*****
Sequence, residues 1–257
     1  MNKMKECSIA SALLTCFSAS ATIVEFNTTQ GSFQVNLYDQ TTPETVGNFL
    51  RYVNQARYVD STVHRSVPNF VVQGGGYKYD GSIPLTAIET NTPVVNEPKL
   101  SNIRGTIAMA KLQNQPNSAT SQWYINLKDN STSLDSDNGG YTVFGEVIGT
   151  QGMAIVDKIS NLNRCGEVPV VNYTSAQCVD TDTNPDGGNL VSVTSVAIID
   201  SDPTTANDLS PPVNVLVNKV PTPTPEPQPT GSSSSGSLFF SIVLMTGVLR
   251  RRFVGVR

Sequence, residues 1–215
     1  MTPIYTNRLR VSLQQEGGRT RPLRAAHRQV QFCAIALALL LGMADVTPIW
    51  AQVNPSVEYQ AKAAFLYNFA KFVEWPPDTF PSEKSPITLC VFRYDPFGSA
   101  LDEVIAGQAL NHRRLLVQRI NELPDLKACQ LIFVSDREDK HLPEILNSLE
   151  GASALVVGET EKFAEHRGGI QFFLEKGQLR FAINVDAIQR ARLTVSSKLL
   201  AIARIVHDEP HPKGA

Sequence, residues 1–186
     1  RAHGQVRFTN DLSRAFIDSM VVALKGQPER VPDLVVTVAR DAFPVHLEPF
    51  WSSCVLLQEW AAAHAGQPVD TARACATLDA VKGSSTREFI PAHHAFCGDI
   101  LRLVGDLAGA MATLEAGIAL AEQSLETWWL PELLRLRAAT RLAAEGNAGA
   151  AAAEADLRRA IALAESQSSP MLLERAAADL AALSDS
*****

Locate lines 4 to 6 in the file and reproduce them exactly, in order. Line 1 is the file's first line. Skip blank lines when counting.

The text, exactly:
   101  SNIRGTIAMA KLQNQPNSAT SQWYINLKDN STSLDSDNGG YTVFGEVIGT
   151  QGMAIVDKIS NLNRCGEVPV VNYTSAQCVD TDTNPDGGNL VSVTSVAIID
   201  SDPTTANDLS PPVNVLVNKV PTPTPEPQPT GSSSSGSLFF SIVLMTGVLR